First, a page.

Forum set to explore educational trends
Assemb. Charles Lavine (D-Glen Cove) is urging residents throughout Nassau to attend a March 10 educational forum at the LIU-Post Tilles Center about trends impacting the development of schoolchildren across the country.
Lavine has been working with Professor Arnold Dodge, chair of the Department of Educational Leadership and Administration at LIU-Post to monitor implementation of new education policies, including Common Core, standardized testing, and teacher evaluations in public schools.
Lavine said this “is an opportunity for the community to participate in the discussion regarding their concerns relating to federal and state education policies.”
Panelists are to include Rockville Centre Schools Superintendent William Johnson; Jeanette Deutermann, parent advocate; Central Islip schools teacher Anthony Griffin; Nikhil Goyal, an activist and author; and Jennifer Polychronakos, principal of the Boyle Road School, Comsewogue school district. Dodge will moderate.
School Leadership 2.0 is helping facilitate the free event. It runs from 7 to 9 p.m.
Registration is required. To register or get more information, go to eventbrite.com and enter “A Return to Common Sense” in the search box. — SID CASSESE
CO detectors eyed for commercial sites
Brookhaven Town plans to hold a public hearing this month on making the town’s fire prevention code stronger than the state’s by requiring all commercial buildings to have carbon monoxide detectors installed.
Supervisor Edward P. Romaine sponsored Tuesday night’s resolution to amend Chapter 30 of the town’s fire prevention code. The board is expected to discuss the matter March 25.
At the meeting, Brookhaven Town Councilman Dan Panico said carbon monoxide is a silent killer and that “this is a clear case of where an ounce of prevention is worth more than a pound of cure.”
A carbon monoxide leak last month killed Steven Nelson, 55, general manager of Legal Sea Foods in Huntington Station.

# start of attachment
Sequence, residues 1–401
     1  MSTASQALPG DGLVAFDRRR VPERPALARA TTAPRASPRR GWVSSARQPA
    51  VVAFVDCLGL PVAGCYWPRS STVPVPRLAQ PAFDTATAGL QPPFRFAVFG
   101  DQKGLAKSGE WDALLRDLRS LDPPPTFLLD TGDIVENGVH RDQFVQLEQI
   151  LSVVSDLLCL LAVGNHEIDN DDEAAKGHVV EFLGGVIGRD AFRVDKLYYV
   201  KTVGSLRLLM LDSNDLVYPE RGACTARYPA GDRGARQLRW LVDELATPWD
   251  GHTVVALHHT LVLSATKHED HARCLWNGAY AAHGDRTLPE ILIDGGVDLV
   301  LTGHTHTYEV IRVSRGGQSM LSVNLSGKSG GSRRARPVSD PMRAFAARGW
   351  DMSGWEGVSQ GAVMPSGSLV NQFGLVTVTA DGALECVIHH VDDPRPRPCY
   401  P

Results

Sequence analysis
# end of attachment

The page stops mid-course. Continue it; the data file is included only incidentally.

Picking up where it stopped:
The town board also unanimously passed Brookhaven Town Councilwoman Connie Kepert’s resolution declaring March as carbon monoxide poisoning awareness month. — DEON J. HAMPTON
Finding ways to make LI storm-resilient
Interboro Partners and Operation SPLASH plan to hold a second public presentation about ideas for making Nassau County’s South Shore more storm-resilient in light of damage caused by superstorm Sandy.
The informative meeting is to be held on Saturday from noon to 2 p.m. at Operation SPLASH headquarters, on 202 Woodcleft Ave. in Freeport. Lunch will be served.
Interboro Partners, a Brooklyn-based architecture and urban design firm, assembled a team of international experts to craft ideas on how to address flooding threats from nor’easters, storm surges and stormwater runoff. Interboro’s project is called “Living with the Bay: Resiliency-Building Options for Nassau County’s South Shore.”
The firm is one of 10 design teams from Sandy-affected areas in New York, New Jersey and Connecticut in the federally funded “Rebuild by Design” program, initiated by President Barack Obama’s Hurricane Sandy Task Force and the U.S. Department of Housing and Urban Development.
In early April, the plans will be evaluated by a competition jury to identify projects that may get HUD disaster recovery funds.
Interboro’s preliminary plan includes turning Long Beach into a “smart barrier” by filling in portions of low-lying areas on the bayside to create higher land for mixed-development and parkland. The plan also calls for protecting homes by raising roads and building homes on the shore at greater elevations to create a multilayered defense to flooding.
The proposal includes the option of using bridges to compartmentalize water in the bay, creating new marshes, and water retention areas along streams to slow down stormwater. It also calls for redesigning Sunrise Highway, making it greener to help capture stormwater, allow more mixed-use development, and make it pedestrian- and bike-friendly. — AISHA AL-MUSLIM